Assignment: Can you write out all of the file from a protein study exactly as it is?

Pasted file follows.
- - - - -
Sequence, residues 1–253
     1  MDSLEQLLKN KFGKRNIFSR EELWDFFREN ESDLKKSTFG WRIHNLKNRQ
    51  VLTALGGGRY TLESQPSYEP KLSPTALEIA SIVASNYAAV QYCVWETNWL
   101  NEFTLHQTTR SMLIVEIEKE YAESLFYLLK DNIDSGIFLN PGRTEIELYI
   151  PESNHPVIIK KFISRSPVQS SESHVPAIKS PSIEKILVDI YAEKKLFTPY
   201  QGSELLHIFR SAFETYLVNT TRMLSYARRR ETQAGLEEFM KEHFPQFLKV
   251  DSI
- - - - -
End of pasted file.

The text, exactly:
Sequence, residues 1–253
     1  MDSLEQLLKN KFGKRNIFSR EELWDFFREN ESDLKKSTFG WRIHNLKNRQ
    51  VLTALGGGRY TLESQPSYEP KLSPTALEIA SIVASNYAAV QYCVWETNWL
   101  NEFTLHQTTR SMLIVEIEKE YAESLFYLLK DNIDSGIFLN PGRTEIELYI
   151  PESNHPVIIK KFISRSPVQS SESHVPAIKS PSIEKILVDI YAEKKLFTPY
   201  QGSELLHIFR SAFETYLVNT TRMLSYARRR ETQAGLEEFM KEHFPQFLKV
   251  DSI